I recently read a thought provoking article on Anil Dash’s blog titled “The Web We Lost”
A quote that gets at the crux of the post:
This isn’t some standard polemic about “those stupid walled-garden networks are bad!” I know that Facebook and Twitter and Pinterest and LinkedIn and the rest are great sites, and they give their users a lot of value. They’re amazing achievements, from a pure software perspective. But they’re based on a few assumptions that aren’t necessarily correct. The primary fallacy that underpins many of their mistakes is that user flexibility and control necessarily lead to a user experience complexity that hurts growth. And the second, more grave fallacy, is the thinking that exerting extreme control over users is the best way to maximize the profitability and sustainability of their networks.
I was somewhat taken aback by this article. I’ve been on the internet since 1993, and I think of it basically as follows:
- The internet is the set of all machines that are interconnected and communicating via TCP/IP
- The web is a set of socket applications that communicate via HTTP, generally on socket port 80.
So the idea that “the internet” has devolved into a few “walled garden” sites with ever-increasing control over their user base is jarring to me. But then I thought about it from the perspective of a perhaps-techologically-naive user who just got online a few years ago, whose experience of the intenet has been mostly through interacting with Facebook, Twitter, and mobile apps. That world looks a lot different from the one I see.
The third point (“social media sites are just web applications”) )is what makes me hopeful that the current trend toward “walled gardens” is just an unfortunate and self-limiting trend. That is:
- Facebook, Twitter, et al are wildly successful, but they are successful because they have large user bases. Actually, scratch that — “user base” is marketing-speak. They have communities of users.
- They didn’t always have communities; they started very small, and grew organically.
- If they get sufficiently awful, they will be replaced.
- They may be replaced simply because they fall out of favor. I can’t recall any great crime that MySpace committed, but it’s a ghost town now.
Basically, the way the internet is implemented means that (almost) anyone can put up a new web site, and the accessibility of free development tools and low-cost hosting services means that the barriers to standing up a full-fledged server are quite low.
So while I do think the current trend toward Balkanization of internet sites is unfortunate, I don’t think it’s permanent. Thinking back, it seems that the communication patterns have oscillated back and forth between centralization and distribution:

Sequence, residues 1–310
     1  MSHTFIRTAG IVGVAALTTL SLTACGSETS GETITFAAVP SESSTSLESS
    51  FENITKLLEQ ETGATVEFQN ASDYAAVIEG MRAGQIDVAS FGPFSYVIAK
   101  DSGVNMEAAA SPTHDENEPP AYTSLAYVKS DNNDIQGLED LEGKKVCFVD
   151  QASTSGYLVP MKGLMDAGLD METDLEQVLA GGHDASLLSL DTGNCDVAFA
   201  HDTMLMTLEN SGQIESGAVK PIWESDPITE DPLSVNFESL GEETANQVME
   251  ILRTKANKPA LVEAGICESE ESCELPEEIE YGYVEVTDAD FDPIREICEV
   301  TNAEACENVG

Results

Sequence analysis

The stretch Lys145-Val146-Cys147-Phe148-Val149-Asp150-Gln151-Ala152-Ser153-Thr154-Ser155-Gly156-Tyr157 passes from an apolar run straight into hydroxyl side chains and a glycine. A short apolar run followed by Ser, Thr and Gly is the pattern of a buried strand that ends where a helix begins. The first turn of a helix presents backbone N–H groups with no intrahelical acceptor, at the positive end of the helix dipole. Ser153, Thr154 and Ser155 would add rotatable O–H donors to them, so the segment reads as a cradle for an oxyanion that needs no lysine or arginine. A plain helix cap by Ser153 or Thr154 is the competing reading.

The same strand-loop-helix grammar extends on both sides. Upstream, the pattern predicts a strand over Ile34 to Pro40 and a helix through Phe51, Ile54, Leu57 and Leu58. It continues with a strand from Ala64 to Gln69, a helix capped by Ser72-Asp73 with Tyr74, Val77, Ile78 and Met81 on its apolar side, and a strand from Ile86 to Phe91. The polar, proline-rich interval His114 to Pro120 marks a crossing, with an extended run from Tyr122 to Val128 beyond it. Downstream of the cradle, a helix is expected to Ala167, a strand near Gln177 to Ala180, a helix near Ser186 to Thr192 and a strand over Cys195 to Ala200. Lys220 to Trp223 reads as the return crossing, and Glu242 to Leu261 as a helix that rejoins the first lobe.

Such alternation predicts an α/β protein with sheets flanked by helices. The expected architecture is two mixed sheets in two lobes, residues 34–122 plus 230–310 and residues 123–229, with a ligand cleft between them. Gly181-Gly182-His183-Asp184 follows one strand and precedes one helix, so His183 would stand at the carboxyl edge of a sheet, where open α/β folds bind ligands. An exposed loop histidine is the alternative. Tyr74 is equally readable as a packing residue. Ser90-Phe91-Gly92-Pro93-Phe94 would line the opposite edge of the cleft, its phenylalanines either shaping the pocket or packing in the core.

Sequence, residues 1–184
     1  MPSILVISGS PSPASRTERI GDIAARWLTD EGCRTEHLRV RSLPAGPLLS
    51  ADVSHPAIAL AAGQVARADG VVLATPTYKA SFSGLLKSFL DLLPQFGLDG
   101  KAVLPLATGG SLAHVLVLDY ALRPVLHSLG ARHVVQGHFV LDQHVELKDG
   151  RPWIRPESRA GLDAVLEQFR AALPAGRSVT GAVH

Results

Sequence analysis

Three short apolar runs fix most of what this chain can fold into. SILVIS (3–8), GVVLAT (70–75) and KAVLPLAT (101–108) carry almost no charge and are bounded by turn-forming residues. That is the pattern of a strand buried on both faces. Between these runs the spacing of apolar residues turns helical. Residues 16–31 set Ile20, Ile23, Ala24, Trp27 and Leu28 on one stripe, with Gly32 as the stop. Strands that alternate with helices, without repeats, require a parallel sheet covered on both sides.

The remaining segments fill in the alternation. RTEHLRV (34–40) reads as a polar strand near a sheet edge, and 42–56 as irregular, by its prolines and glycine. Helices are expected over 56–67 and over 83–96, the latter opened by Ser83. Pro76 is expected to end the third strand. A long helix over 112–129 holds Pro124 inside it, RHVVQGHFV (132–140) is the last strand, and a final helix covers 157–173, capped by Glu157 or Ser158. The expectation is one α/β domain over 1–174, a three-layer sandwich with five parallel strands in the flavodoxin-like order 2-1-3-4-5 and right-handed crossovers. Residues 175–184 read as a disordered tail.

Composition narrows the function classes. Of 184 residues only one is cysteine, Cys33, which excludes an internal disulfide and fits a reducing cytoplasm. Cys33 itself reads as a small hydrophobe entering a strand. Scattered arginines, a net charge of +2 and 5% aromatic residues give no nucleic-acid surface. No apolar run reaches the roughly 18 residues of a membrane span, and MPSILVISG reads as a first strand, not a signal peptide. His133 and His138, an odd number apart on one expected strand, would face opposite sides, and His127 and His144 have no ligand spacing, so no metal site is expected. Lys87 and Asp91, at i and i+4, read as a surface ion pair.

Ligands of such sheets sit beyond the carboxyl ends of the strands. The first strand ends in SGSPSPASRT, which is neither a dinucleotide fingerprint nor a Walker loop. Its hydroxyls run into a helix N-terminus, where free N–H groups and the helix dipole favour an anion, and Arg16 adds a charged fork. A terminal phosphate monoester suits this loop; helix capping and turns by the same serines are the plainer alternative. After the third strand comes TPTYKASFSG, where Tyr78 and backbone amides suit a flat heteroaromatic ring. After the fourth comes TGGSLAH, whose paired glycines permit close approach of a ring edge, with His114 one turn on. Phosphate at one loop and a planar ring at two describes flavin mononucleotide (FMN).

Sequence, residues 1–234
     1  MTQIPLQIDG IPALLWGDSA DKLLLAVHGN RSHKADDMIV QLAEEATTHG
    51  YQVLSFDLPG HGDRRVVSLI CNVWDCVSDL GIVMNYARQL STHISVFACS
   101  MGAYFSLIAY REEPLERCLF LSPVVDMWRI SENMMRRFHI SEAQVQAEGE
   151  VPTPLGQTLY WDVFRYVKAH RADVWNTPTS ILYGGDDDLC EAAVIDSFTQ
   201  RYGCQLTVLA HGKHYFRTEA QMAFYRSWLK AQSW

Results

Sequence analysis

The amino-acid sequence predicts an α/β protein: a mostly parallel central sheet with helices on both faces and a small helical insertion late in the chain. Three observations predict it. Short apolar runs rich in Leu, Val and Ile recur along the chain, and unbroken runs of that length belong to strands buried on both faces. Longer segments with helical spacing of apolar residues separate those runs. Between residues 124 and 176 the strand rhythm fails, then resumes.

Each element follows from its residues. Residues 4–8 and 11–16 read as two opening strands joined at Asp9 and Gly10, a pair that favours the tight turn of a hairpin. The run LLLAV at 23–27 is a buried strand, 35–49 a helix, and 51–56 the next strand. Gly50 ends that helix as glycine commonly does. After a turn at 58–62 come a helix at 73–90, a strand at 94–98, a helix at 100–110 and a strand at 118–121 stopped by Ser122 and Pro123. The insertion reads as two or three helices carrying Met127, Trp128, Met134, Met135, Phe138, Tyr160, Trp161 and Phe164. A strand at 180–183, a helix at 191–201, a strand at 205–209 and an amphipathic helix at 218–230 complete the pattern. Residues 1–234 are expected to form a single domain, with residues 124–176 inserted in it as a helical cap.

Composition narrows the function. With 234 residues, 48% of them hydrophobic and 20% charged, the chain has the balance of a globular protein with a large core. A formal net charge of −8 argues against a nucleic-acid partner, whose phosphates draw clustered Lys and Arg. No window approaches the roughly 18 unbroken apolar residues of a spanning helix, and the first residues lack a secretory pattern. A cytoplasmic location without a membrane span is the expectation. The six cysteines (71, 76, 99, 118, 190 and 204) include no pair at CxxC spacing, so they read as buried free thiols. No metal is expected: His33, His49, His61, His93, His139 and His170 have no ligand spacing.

- In the beginning, there were dial-up BBSs.These were the primitive ancestors of today’s bulletin boards. They required that the user dial up to a specific phone number and establish a direct modem-to-modem connection to log on. Very centralized.
- Once the internet came along and people were able to exchange email, they began to set up mailing lists for discussion of special-interest issues. Very distributed, peer to peer communication.
- At some point, USENET came along. (This is where I came in, back in 1993). USENET was (and remains) a collection of newsgroups and servers that use the NNTP protocol. USENET is basically a grand unified BBS containing a set of hierarchical “newsgroups”, each one devoted to a specific topic. For example, “comp.lang.programming.java” is for discussion of the Java programming language. This seemed like the end-point of the evolutionary process at the time. In the early days, the signal-to-noise ratio was very high, and if you were interested in a programming language, chances were that the author(s) of the language would be active participants in the newsgroup. Though the USENET system is a distributed one, logically it’s centralized.
- As the internet grew, USENET became a victim of its own success. Groups got noisier, and eventually the core participants began to start their own mailing lists, so that they could carry on discussions without being subject to random noise and trolls. About this time, Web BBS sites began to catch on, for similar reasons. Back to peer-to-peer and distributed.
- The next step of evolution was the “Web 2.0” generation of rich apps like Facebook, Twitter, etc. Which brings us to today.
So, while the trend right now is toward centralization, I don’t think that this is the end of history, either. Underneath it all, TCP/IP is still there, and HTTP is still there, and hyperlinks work just the same as they ever did. It’s Google’s counter-argument to accusations of monopoly. “If you don’t want to use Google, just type another URL into your browser.”
“The web we lost” isn’t lost at all; it’s still down there, working the same as it always has. All that needs to be done is to reclaim it.